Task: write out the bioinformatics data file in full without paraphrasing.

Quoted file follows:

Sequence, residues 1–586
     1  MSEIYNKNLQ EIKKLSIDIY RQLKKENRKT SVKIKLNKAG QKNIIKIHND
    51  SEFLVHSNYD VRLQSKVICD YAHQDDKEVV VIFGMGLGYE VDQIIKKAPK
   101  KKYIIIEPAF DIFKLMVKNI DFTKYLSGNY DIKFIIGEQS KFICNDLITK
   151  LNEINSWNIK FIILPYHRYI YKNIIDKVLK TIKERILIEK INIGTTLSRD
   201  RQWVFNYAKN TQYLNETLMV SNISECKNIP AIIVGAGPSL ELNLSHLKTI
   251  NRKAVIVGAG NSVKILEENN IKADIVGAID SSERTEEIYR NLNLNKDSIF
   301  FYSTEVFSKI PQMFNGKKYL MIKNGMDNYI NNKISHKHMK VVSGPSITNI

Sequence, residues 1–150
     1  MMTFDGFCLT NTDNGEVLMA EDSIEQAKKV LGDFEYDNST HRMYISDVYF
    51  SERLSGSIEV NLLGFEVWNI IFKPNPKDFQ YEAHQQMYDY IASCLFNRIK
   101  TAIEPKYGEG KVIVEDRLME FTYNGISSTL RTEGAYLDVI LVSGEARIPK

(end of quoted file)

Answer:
Sequence, residues 1–586
     1  MSEIYNKNLQ EIKKLSIDIY RQLKKENRKT SVKIKLNKAG QKNIIKIHND
    51  SEFLVHSNYD VRLQSKVICD YAHQDDKEVV VIFGMGLGYE VDQIIKKAPK
   101  KKYIIIEPAF DIFKLMVKNI DFTKYLSGNY DIKFIIGEQS KFICNDLITK
   151  LNEINSWNIK FIILPYHRYI YKNIIDKVLK TIKERILIEK INIGTTLSRD
   201  RQWVFNYAKN TQYLNETLMV SNISECKNIP AIIVGAGPSL ELNLSHLKTI
   251  NRKAVIVGAG NSVKILEENN IKADIVGAID SSERTEEIYR NLNLNKDSIF
   301  FYSTEVFSKI PQMFNGKKYL MIKNGMDNYI NNKISHKHMK VVSGPSITNI

Sequence, residues 1–150
     1  MMTFDGFCLT NTDNGEVLMA EDSIEQAKKV LGDFEYDNST HRMYISDVYF
    51  SERLSGSIEV NLLGFEVWNI IFKPNPKDFQ YEAHQQMYDY IASCLFNRIK
   101  TAIEPKYGEG KVIVEDRLME FTYNGISSTL RTEGAYLDVI LVSGEARIPK